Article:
Reclaiming creativity is my new, important, goal. The lovely thing about this goal is that it is already happening. New ways of doing what I do already present themselves. My job is to listen to the promptings of my mind (or heart) and to respond. To watch out for synchronicity.

For  too long, I’d been wandering in a creative wilderness. The landscape dried up without me noticing. The same thing seemed to have happened to my creativity.

Arid desert
Arid desert

Injuring my calf muscle late last year, and a recent bout of the viral illness shingles, flattened me. I wrote about them here and here.  Perhaps I had not taken enough care of myself. Maybe I needed to rest and take stock. My afflictions were not only physical, but mental and emotional as well.

My need to survive overrode my desire to live creatively. Writing anything more than a blog post seemed impossible. Sometimes, even blog posts did not get written. Low energy levels do that to a person.

At its worst, the dis-ease takes over and must run its course. We withdraw, retreat and protect ourselves. We crave the comfort of our own space. Solitude. We are content to be passive, to allow other people to take over.

The recovery process from physical, as well as mental and creative, malaise is similar.

Recovery expects attention from the convalescent. It demands an act of faith. We hope that our lives will, in the end, return to normal. We must make a decision to get better. To take tiny, deliberate steps. To be gentle with ourselves. To listen to what we need next. Not to rush the process.

Recovery from physical illness demands

  • Adequate hydration
  • Nutritious food
  • Plenty of rest
  • Gentle movement leading to full exercise
  • Meditation
  • Re-engagement with the world
  • Return to former life

Reclaiming creativity requires

  • Refilling the creative well (of images)
  • Feeding our minds
  • Gentle creative activity of any kind
  • Meditation (for example writing morning pages)
  • Taking small creative steps
  • Re-engagement with creative work

In reclaiming creativity, my go-to-guide has been Julia Cameron’s The Artist’s Way I set out to work through this book, week by week. At the end of Week 7, I am almost back on course. Morning pages flow. Little dates with my inner artist suggest themselves.

The draft of my new novel no longer sits, an undigested lump, on the bottom shelf of my bookcase. I printed it out months ago ready to read and rewrite. I haven’t had the energy to do anything with it. I wrote a plan to finish it by April next year. The printed plan sits in solitary glory on my notice board.

Ideas about my writing pop into my mind when I’m walking. When I’m doing the dishes or in the shower. I’m taking Julia Cameron’s advice. And the words of Albert Einstein about creativity pop into my mind.

Reclaiming creativity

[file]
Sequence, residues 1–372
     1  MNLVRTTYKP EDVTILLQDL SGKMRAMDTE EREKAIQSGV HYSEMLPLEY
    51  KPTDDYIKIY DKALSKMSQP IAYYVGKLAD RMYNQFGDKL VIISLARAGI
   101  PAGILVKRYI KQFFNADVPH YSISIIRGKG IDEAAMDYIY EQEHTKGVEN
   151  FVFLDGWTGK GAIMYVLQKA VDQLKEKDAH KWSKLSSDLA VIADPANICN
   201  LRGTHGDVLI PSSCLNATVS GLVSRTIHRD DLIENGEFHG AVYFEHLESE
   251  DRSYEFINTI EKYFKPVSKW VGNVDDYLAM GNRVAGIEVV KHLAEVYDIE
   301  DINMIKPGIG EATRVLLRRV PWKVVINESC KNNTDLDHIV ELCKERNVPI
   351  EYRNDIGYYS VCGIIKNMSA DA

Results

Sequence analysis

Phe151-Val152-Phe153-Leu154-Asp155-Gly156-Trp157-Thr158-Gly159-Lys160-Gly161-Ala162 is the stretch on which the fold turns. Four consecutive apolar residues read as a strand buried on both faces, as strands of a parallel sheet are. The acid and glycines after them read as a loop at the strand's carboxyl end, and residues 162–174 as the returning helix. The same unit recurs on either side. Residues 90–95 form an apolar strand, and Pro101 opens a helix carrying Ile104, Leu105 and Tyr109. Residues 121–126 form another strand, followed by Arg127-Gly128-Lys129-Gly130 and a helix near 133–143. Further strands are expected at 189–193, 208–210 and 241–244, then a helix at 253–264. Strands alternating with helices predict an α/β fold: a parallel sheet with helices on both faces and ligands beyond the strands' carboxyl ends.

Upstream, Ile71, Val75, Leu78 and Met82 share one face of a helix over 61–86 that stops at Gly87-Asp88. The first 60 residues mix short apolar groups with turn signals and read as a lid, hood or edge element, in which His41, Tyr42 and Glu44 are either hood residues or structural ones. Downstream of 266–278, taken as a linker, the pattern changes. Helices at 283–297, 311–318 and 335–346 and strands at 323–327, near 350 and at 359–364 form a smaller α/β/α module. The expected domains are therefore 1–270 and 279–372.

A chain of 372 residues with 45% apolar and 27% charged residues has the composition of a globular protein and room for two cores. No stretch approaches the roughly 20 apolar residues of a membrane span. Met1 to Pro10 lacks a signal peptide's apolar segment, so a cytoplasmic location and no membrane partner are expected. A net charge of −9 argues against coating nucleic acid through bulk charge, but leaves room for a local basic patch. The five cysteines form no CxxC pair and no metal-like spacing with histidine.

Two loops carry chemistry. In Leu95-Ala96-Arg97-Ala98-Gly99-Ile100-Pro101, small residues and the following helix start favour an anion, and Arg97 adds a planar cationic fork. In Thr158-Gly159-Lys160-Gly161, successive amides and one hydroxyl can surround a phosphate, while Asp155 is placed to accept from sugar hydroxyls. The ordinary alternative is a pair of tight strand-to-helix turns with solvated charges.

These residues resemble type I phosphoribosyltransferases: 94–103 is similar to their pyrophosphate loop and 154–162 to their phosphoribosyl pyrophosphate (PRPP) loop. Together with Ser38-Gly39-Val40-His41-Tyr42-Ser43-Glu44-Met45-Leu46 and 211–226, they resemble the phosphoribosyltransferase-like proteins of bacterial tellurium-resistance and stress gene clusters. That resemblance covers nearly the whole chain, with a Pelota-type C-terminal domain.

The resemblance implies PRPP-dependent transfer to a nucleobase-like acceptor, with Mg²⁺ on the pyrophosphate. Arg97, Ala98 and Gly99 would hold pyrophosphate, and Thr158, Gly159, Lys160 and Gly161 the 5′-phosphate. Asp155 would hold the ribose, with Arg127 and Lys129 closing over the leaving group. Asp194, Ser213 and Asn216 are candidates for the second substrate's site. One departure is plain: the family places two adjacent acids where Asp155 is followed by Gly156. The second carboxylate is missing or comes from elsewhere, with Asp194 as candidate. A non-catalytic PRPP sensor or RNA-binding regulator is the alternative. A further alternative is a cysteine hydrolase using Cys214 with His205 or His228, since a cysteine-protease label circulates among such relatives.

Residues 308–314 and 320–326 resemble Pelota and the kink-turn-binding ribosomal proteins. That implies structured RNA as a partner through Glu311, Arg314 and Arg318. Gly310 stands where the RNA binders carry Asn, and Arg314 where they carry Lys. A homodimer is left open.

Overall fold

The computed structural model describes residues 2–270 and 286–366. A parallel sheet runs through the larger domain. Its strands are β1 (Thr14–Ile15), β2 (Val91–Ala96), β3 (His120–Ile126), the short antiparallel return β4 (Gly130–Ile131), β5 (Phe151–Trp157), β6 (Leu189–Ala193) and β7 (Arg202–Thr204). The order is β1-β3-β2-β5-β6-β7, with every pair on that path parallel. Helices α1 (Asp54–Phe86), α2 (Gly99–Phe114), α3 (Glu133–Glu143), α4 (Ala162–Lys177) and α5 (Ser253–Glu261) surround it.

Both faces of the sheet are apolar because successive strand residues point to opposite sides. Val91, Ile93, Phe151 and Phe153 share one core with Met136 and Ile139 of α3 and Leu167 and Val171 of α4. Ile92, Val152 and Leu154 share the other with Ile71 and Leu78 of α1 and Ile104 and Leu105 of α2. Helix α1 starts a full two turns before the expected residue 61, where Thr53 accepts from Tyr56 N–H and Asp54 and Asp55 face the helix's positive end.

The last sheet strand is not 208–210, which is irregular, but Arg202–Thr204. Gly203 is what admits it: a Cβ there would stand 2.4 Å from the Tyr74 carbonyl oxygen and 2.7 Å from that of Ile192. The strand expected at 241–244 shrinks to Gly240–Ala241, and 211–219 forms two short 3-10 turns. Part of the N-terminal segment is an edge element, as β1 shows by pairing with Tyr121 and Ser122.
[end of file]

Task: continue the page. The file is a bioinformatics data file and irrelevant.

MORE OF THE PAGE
Reclaiming creativity

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4 replies on “Reclaiming creativity”

  1. Hello Maureen
    After reading *who you are * ,it is so wondeful to know you are a very basic person
    I have been following you via the email connections ,and always find satisfaction in reading them
    Not to waste your time
    I am *client * –as that is what we are referred to ,as residents at the Ozcare Complex at Port Douglas .. I am a 82 year old ,and in fact my son in law —
    Bruce Muirhead will be giving details as to reviewng my Autobiography that
    has just been finalized.
    This will give you some idea of where *my values in life and that it is essential to
    maintain a POSITIVE APPROACH in everyday life,thus confirming —
    that your rendition of yourself is so heartening—when comparing our two lives ! .
    We are obviously normal individuals–in this complex world we live in !!
    Welcome to the Club !!

    1. Hi, James, nice to hear from you again. Yes, I am very normal as you have seen from my bio on my website. And I am almost as old as you, although I live at home with my husband. I look forward to reading your autobiography when your son has finished reviewing it. Thanks for commenting on my blog.

  2. Having run so many creative writing courses over the years with many different “types” of people from 4 to 104 years of age, I have no problem with the creativity aspect. I do have pressure from others to show what I am doing, but then confusion as I have so many different ideas and ways of presenting them.
    Perhaps I do need to slow my own self-re-creation for a while and connect with others for a little. Then they might be able to take in more of what I enjoy experimenting with for myself.
    Thanks for the perspective on refreshing the creative spirit. It is something we need to both breathe in and out – inspiration is only part of the process! 😉

    1. Hello, Patience. Thanks for your thoughtful comment. As I said in the post, it seems as if there are parallels between physical and creative recovery, and how to attain both. I only came to that insight because I was physically forced to slow down. But I am very glad to have come out at a different place. Thanks for the idea of breathing in – and out. Inspiration means two different things when you think about it.

      Good luck with your creative writing courses. I love facilitating them.

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